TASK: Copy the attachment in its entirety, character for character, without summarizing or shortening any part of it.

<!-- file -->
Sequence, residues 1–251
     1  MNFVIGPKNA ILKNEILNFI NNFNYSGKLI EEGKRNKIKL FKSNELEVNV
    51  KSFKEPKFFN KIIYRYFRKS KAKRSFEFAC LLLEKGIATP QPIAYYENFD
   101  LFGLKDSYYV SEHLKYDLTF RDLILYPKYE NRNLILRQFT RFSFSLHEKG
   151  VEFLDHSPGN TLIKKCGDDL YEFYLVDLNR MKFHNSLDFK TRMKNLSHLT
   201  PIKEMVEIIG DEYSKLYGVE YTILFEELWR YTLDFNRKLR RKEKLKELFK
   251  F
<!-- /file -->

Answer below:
Sequence, residues 1–251
     1  MNFVIGPKNA ILKNEILNFI NNFNYSGKLI EEGKRNKIKL FKSNELEVNV
    51  KSFKEPKFFN KIIYRYFRKS KAKRSFEFAC LLLEKGIATP QPIAYYENFD
   101  LFGLKDSYYV SEHLKYDLTF RDLILYPKYE NRNLILRQFT RFSFSLHEKG
   151  VEFLDHSPGN TLIKKCGDDL YEFYLVDLNR MKFHNSLDFK TRMKNLSHLT
   201  PIKEMVEIIG DEYSKLYGVE YTILFEELWR YTLDFNRKLR RKEKLKELFK
   251  F